A look inside the powerhouse in the first decade of the 20th century.

A timeline of Nelson’s hydropower history

From the Nelson Electric Light Co. to Nelson Hydro — a chronological look at major events in the city’s power producing past.

Part of a series marking Heritage Week in BC. Click here for a list of Ten things you (probably) didnt know about Nelson Hydro.

April 23, 1892: Nelson Electric Light Co. is incorporated with the goal of erecting and maintaining electric lights for the city. The company’s charter gives it the authority to divert and use Cottonwood Creek. Directors include James Gilker, Thomas Madden, Charles Ink, and John Houston — who later becomes the city’s founding mayor.

April 1893: After hitting a few snags, and with its completion deadline looming, the company’s charter is amended to grant it a 16-month extension.

August 1894: The hydro plant still isn’t ready, so a steam-powered plant is installed as a stopgap measure. R.E. Lemon’s store is the first to be electrified.

February 1, 1896: The Cottonwood Creek plant, consisting of a pair of 36-inch (91-centimetre) Pelton wheels belted to two 35 kilowatt DC generators, finally begins operating. It’s the first hydroelectric generating facility in BC.

1897: The plant is enlarged. A six-foot Tutthill water wheel drives two new and slightly bigger generators.

1897-98: The company proposes to sell its assets to the newly-incorporated City of Nelson for $40,000. The city agrees and puts it to referendum. The first count is defeated by nine votes. A recount is ordered, and the bylaw is declared passed by a majority of two.

1898: Dr. E.C. Arthur takes the city to court, demanding the bylaw be quashed due to conflict of interest: mayor John Houston and three aldermen are directors or shareholders of the company. He also claims the returning officer could not account for all the ballots.

1898: Arthur wins his case, but Houston appeals, testifying he absented himself from the vote to put the sale to the referendum, and did not influence its passage. The BC Supreme Court rules in the city’s favour, clearing the way for municipal ownership of the utility.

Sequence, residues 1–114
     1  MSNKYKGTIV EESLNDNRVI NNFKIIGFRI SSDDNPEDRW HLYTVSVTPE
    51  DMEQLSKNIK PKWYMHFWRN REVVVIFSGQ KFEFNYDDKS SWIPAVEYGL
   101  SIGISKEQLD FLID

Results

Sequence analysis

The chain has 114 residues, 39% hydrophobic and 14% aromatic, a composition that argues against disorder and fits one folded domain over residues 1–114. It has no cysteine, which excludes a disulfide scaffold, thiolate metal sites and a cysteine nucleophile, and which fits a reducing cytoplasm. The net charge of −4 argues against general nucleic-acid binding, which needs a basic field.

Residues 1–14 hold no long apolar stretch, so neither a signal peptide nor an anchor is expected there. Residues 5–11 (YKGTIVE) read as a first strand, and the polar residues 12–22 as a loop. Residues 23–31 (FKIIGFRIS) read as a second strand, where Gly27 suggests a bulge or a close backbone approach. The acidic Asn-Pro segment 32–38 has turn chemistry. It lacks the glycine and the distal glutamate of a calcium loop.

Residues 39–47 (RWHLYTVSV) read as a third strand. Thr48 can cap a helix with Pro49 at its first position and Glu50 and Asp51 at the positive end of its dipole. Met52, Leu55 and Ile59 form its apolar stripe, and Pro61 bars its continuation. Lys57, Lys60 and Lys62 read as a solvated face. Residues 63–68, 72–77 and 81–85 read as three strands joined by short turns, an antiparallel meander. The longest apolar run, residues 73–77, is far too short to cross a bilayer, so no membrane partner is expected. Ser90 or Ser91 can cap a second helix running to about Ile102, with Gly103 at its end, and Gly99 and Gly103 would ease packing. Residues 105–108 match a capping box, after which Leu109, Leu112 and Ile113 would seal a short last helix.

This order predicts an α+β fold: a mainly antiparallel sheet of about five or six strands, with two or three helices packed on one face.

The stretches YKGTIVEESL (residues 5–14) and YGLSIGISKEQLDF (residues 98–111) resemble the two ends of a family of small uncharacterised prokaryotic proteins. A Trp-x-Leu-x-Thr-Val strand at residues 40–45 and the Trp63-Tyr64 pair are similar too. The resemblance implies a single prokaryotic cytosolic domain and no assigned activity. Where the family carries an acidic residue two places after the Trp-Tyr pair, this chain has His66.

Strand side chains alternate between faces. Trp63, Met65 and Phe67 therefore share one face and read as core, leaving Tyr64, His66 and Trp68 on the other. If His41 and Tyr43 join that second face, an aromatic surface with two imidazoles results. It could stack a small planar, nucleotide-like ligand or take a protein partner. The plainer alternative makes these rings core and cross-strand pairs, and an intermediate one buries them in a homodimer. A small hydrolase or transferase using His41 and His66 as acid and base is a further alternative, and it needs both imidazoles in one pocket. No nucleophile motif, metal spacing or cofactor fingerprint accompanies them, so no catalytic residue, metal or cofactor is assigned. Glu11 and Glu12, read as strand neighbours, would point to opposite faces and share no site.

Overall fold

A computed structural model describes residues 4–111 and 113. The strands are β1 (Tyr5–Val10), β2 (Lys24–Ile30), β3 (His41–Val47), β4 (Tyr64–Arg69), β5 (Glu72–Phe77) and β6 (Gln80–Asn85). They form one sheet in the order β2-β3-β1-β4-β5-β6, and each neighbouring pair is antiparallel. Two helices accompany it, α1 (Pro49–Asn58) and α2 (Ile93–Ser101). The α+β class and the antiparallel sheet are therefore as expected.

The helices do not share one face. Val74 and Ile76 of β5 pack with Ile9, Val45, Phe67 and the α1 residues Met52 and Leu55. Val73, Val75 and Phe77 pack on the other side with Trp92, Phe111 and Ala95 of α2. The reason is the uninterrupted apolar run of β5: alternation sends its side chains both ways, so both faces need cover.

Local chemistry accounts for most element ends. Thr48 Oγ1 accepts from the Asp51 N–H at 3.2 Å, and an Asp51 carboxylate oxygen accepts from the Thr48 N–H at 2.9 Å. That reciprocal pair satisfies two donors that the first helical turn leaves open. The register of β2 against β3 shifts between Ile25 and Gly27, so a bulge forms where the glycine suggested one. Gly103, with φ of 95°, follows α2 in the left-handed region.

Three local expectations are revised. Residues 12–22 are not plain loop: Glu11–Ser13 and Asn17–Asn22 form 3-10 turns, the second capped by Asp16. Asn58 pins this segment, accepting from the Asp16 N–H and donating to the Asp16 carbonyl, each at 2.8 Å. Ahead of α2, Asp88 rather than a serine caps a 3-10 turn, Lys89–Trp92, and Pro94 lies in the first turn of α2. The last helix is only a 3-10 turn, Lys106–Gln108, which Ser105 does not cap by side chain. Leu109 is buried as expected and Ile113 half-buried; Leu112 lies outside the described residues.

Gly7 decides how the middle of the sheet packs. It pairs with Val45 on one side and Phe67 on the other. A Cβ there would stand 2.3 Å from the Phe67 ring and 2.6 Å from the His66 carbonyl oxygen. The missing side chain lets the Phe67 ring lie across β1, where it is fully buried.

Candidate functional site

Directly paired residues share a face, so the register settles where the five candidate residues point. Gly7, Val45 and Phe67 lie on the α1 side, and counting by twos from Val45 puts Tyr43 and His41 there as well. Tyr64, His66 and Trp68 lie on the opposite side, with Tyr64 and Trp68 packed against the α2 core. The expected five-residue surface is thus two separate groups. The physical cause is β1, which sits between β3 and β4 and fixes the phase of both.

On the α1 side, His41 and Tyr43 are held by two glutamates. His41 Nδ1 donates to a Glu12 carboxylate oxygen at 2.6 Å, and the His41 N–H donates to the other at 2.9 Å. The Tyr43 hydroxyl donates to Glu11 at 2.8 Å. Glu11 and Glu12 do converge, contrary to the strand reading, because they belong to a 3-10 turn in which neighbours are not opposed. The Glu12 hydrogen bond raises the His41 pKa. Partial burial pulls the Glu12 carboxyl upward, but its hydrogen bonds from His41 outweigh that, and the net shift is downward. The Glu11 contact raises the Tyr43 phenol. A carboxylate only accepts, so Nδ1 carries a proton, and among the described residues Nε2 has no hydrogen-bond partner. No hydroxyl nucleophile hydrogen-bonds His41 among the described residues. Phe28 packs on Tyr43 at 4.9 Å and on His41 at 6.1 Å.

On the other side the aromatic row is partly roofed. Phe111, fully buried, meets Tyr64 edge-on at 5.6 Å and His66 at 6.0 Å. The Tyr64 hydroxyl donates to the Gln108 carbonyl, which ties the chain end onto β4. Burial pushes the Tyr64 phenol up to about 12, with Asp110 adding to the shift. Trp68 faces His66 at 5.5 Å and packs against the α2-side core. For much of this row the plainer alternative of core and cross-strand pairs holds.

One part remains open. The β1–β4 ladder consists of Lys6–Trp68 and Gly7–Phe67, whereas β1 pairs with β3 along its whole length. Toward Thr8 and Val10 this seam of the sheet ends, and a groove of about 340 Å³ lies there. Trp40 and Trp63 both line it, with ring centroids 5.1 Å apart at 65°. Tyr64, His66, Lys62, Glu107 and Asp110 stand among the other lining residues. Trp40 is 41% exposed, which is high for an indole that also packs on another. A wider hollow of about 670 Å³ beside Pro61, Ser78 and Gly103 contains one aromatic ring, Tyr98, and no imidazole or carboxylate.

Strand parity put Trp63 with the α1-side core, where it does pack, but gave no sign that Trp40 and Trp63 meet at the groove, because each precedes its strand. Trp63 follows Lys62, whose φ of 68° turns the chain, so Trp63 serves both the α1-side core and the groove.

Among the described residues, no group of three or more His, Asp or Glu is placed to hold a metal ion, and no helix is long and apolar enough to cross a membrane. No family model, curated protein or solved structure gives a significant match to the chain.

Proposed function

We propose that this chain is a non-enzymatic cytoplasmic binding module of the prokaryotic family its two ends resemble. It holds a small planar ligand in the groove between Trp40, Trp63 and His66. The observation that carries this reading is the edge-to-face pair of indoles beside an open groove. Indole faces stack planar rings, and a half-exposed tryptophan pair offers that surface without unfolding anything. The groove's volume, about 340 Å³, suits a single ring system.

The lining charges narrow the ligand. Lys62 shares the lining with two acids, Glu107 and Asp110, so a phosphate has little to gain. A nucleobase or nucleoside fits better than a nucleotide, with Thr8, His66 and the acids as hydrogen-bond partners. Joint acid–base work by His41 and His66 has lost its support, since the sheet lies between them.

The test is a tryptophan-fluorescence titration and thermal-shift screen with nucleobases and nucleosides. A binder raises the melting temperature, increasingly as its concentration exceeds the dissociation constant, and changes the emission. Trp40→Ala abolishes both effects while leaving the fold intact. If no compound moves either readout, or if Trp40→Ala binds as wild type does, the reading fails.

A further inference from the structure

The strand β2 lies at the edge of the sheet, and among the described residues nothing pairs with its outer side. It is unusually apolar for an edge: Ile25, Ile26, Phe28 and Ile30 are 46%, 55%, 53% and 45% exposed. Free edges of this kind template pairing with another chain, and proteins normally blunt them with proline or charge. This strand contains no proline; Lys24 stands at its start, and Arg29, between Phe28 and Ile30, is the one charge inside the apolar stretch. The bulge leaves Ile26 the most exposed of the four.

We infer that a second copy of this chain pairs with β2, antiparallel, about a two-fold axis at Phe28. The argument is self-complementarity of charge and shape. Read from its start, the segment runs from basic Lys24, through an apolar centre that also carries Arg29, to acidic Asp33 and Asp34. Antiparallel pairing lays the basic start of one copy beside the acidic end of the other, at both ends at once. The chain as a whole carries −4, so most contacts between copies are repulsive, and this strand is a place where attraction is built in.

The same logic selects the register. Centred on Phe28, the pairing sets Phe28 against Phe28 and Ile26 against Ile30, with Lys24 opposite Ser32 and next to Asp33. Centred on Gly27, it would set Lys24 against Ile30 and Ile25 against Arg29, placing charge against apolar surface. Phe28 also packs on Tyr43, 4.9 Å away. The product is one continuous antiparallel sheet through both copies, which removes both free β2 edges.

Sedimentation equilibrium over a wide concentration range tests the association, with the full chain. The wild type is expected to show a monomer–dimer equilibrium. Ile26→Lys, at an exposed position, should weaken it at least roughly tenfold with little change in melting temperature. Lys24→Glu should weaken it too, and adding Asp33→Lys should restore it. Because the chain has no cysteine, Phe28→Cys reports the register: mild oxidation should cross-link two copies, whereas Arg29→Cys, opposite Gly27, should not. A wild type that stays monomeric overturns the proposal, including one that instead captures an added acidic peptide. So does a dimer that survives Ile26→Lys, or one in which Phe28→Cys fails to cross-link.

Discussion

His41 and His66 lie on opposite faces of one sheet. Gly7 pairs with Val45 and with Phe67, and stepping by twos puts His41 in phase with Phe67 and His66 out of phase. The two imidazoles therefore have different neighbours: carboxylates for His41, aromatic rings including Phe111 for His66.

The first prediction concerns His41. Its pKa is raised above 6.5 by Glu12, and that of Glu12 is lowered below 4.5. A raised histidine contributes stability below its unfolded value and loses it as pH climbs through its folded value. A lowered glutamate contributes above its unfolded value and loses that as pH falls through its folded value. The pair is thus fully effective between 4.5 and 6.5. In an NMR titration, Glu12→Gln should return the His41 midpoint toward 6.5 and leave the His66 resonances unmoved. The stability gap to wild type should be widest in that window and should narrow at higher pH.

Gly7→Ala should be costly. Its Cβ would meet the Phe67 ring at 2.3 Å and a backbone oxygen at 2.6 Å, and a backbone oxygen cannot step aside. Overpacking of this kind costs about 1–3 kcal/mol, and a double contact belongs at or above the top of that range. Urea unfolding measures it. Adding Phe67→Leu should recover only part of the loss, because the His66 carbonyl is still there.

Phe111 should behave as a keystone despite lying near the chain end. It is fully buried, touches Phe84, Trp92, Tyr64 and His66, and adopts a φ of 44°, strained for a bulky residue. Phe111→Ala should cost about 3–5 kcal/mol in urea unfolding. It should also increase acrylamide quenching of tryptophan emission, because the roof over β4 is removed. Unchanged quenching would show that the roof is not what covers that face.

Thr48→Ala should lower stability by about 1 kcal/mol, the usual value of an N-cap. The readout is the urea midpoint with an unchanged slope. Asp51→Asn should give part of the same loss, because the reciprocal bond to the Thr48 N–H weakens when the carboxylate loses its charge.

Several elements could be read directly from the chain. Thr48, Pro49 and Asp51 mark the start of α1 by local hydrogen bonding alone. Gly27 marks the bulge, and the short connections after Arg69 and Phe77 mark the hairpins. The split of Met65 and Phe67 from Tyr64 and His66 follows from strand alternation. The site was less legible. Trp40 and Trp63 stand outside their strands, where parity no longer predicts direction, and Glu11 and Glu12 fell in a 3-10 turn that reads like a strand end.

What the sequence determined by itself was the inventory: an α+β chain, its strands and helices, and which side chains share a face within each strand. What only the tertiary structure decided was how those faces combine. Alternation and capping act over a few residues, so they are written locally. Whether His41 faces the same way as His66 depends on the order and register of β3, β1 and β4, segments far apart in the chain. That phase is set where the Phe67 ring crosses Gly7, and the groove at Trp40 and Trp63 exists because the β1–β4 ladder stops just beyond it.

1900-01: Following constant complaints about poor service and frequent outages, Houston and city engineer Andrew McCulloch explore the hydroelectric potential of the Kootenay River. The city obtains a water license and a deed to 40 acres on the south side of Upper Bonnington Falls — much to the chagrin of West Kootenay Power, which has a plant downstream.

1901: West Kootenay Power offers to supply the City of Nelson with power, as it struggles to meet demand. The city refuses, but asks the electric tramway company to provide power for city streets. The tramway company, in turn, is supplied by West Kootenay Power.

1904: The city is granted another water license at Bonnington, bringing the total to three times the capacity of the Cottonwood Creek plant.

1905: In a pair of referendums, residents overwhelmingly approve $200,000 to build a powerhouse at Bonnington.

1905: West Kootenay Power obtains an injunction restraining the city’s work at Bonnington on the grounds the blasting is blocking the flow of water to their turbines and damaging their machinery.

1906: The city appeals to the BC Supreme Court and wins. The judge comments that rocks in the Kootenay River are no less prone to the laws of gravity than any others.

January 26, 1907: City power plant starts operations.

1908: Voters approve $85,000 bylaw for a second generator, which goes into service on June 1, 1910.

1922: Residents approve a bylaw to extend service to Willow Point.

March 26, 1923: Power is turned on to the North Shore after submarine cables are sunk and stretched across the lake at the ferry landing.

1924: The city extends service to Harrop, Procter, Balfour, Queens Bay, and several Woodbury and Ainsworth mines. At some point, Blewett and Taghum also fall under its purview.

1928: Bylaw adopted for third generator, which begins operating July 7, 1929.

1946: Bylaw adopted for fourth generator. It officially goes into service on December 7, 1949.

1971: The province threatens to expropriate 38 acres of city-owned land for BC Hydro’s Kootenay Canal project.

1972: City council agrees to sell the land if BC Hydro buys the city’s power plant and distribution system. The province says no. Eventually, the government expropriates a little over 25 acres and the city receives a reputed $400,000.

1974: Generator No. 1 and 2 are retired with the completion of the Kootenay Canal, reducing the city’s power production by 15 per cent.

1975: The city’s power plant becomes fully automated, eliminating two of three worker shifts. The employees are reassigned elsewhere within the city.

1988: After extensive negotiations with the province, the city gains increased water rights — generating an extra 1,200 kilowatts and $250,000 per year. Generator No. 2 is fired back up.

1993: Residents approve an $8.75 million power plant upgrade and addition of a fifth generator.

June 1995: Generator No. 5 unit officially commissioned to take the place of units No. 2 and 3.

1996: The city’s electrical department is rebranded Nelson Hydro.

2007: The Bonnington plant celebrates its centennial, along with its by-now silent Generator No. 1. Three years later, the still-operable Generator No. 2 turns 100.


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